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foreclosure process, because they were able to provide counterbalances to protect homeowners.102 The recording pre requisite was one of these counterbalances. The requirement was originally found at section 86.735(1)(a) of the Oregon Revised Statutes: Before notice of sale may be given, the trust deed, all assignments, and any appointment of a successor trustee, must be recorded.103 Although the statute has been expanded, these original counterbalancing requirements remain the same today. The text and legislative history of the Oregon Trust Deed Act clearly imply that the recording prerequisite, found at section 86.735(1), is intended to ensure that the bank asserting its right to foreclose the deed of trust actually has the authority to do so. This provision is a direct substitute for judicial oversight. In a judicial foreclosure, the plaintiff must prove its interest in the property to a judge. The legislature allowed banks to contractually negotiate the out of court private right of sale and foreclosure because the recording requirement served as a direct alternative to judicial inquiry. When the legislature allowed for the private right of sale, it understood that only someone who had the right to conduct such a sale through its contractual relationship with the borrower could assert this right. Only the lender and subsequent noteholders in contractual privity with the lender enjoy this right. The recording prerequisite is therefore the most important provision in the OTDA. Without the recording requirement, any imposter can walk in and claim a private right to foreclose without showing any evidence it is the party entitled to enforce the private right of sale. This interpretation comports with the legislatures overall intention in enacting the OTDA.104 The legislature allowed for the private right of sale outside of the judicial system because the procedure for conducting the nonjudicial foreclosure included requirements for notice and proving a legitimate chain of title by means of recorded assignments. The equitable right of redemption

102. Tippets, supra note 47, at 150. See H. JUDICIAL COMMITTEE MINUTES, supra note 100, at 2 (Arthur Lewis of the Multnomah County Bar Association expressed concern over requirements for recording trust deeds in county records.). 103. OR. REV. STAT. 86.735(1)(a) (1963) (emphasis added). 104. See S. JUDICIARY COMMITTEE MINUTES, 49th Assembly, at 23 (Or. March 8, 1957) (various senators propose changes to the drafted bill to further protect homeowners). See also MINUTES OF THE MEETING OF THE JUDICIARY COMMITTEE, 49th Assembly (Or. May 8, 1957) (Various representatives discuss their concerns over the level of protection for debtors.).

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was replaced with a strict notice requirement and a requirement to document the chain of title through duly recorded assignments of the deed of trust. Numerous Oregon courts have concluded this. In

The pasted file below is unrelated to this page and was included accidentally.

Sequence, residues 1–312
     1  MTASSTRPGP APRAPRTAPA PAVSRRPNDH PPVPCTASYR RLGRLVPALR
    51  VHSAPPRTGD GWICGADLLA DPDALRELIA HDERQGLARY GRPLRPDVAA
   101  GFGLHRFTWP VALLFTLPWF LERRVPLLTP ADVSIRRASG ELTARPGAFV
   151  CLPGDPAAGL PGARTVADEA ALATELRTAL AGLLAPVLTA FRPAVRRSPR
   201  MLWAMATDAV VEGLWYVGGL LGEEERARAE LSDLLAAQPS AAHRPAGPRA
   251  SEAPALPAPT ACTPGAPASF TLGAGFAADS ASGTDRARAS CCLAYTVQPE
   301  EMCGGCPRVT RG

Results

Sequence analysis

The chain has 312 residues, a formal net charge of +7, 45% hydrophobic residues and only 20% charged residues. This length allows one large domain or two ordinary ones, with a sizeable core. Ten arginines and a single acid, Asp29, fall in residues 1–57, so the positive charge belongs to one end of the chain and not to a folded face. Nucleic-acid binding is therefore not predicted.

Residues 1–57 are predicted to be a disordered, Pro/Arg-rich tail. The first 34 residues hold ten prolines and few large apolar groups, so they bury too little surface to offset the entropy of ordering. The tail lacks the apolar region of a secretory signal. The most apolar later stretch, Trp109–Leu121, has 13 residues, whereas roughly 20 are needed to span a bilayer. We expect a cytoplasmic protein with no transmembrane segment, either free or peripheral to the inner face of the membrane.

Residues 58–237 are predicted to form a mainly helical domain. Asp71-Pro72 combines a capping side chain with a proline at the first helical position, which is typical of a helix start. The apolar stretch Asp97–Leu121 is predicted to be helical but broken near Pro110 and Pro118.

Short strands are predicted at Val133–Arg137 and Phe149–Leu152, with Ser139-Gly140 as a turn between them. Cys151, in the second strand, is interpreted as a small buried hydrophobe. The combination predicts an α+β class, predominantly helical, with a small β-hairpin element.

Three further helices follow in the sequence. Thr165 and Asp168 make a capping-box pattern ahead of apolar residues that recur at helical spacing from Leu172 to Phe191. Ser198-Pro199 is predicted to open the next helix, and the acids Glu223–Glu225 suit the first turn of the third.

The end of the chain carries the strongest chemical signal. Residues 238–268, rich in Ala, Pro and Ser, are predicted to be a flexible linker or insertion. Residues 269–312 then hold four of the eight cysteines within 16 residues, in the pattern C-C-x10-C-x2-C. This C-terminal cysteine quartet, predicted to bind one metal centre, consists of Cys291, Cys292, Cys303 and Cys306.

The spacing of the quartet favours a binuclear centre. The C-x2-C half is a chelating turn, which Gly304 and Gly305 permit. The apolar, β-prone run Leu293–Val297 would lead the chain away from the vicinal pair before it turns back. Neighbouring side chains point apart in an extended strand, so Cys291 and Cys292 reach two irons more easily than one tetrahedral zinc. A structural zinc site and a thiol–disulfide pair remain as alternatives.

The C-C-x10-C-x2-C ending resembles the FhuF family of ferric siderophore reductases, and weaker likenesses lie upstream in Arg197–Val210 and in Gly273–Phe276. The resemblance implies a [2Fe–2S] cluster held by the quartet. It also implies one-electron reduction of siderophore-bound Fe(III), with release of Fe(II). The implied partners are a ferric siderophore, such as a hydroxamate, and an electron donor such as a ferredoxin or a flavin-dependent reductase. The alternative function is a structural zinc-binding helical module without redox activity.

Staffordshire Investments, Inc. v. Cal-Western Reconveyance Corporation, the Oregon Court of Appeals found that:
The Act represents a well-coordinated statutory scheme to protect grantors from the unauthorized foreclosure and wrongful sale of property, while at the same time providing creditors with a quick and efficient remedy against a defaulting grantor. As discussed above, it confers upon a trustee the power to sell property securing an obligation under a trust deed in the event of default, without the necessity for judicial action. However, the trustees power of sale is subject to strict statutory rules designed to protect the grantor.105

Without these protections, the legislature would never have allowed deeds of trust to include a private right of sale. Using MERS to avoid recording assignments therefore violates an important legislative policy underlying the recording prerequisite. Nevertheless, MERS and its members argue that assignments of the deed of trust by operation of law are somehow excluded from those contemplated by the recording requirement in the OTDA.106 This argument may relate to a Minnesota Supreme Court case where that Court held assignments of the note were not assignments of the deed of trust for the purposes of a recording statute in that state.107 That opinion, however, was based on a Minnesota statute that only
105. Staffordshire Investments, Inc. v. Cal-Western Reconveyance Corp., 149 P.3d 150 (Or. Ct. App. 2006). 106. Brief on the Merits of Petitioner on Review at 2, Niday v. GMAC Mortgage, LLC, No. S060655, (Or. Nov. 8, 2012) (arguing that the obligation in ORS 86.735(1) to record any assignment[] of the trust deed as a condition of nonjudicial foreclosure requires recordation only of an existing written assignment, executed and acknowledged with the same formality as required in deeds and mortgages of real property. By contrast, transfer of a trust deed by operation of law through transfer of the underlying promissory note is not an assignment of the trust deed under ORS 86.735(1) that must be recorded to foreclose nonjudicially. There is a difference between transfer of a note by assignment and transfer by indorsement and delivery. Transfer of a note may occur by delivery without indorsement, but requires a formal assignment of the note (which is typically combined with a formal trust deed assignment), whereas negotiation by indorsement and delivery makes the recipient a holder, and person entitled to enforce the Note within the meaning of the Uniform Commercial Code (and formerly under the Negotiable Instruments Law).). 107. Jackson v. Mortg. Elec. Registration Sys., 770 N.W.2d 487 (Minn. 2009) (While the case explicitly refers to mortgages, these mortgages are foreclosable by advertisement, much like Oregon deeds of trust at issue here).